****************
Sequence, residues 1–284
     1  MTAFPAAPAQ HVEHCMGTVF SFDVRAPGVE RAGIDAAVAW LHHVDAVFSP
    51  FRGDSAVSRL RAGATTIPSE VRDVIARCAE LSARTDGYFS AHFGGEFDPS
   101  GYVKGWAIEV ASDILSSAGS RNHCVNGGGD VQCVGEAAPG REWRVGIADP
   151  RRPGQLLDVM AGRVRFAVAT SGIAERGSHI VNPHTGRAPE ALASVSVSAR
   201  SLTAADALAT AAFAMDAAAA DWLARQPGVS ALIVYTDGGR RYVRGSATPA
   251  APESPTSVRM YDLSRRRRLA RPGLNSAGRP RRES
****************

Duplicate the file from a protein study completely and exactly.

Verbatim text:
Sequence, residues 1–284
     1  MTAFPAAPAQ HVEHCMGTVF SFDVRAPGVE RAGIDAAVAW LHHVDAVFSP
    51  FRGDSAVSRL RAGATTIPSE VRDVIARCAE LSARTDGYFS AHFGGEFDPS
   101  GYVKGWAIEV ASDILSSAGS RNHCVNGGGD VQCVGEAAPG REWRVGIADP
   151  RRPGQLLDVM AGRVRFAVAT SGIAERGSHI VNPHTGRAPE ALASVSVSAR
   201  SLTAADALAT AAFAMDAAAA DWLARQPGVS ALIVYTDGGR RYVRGSATPA
   251  APESPTSVRM YDLSRRRRLA RPGLNSAGRP RRES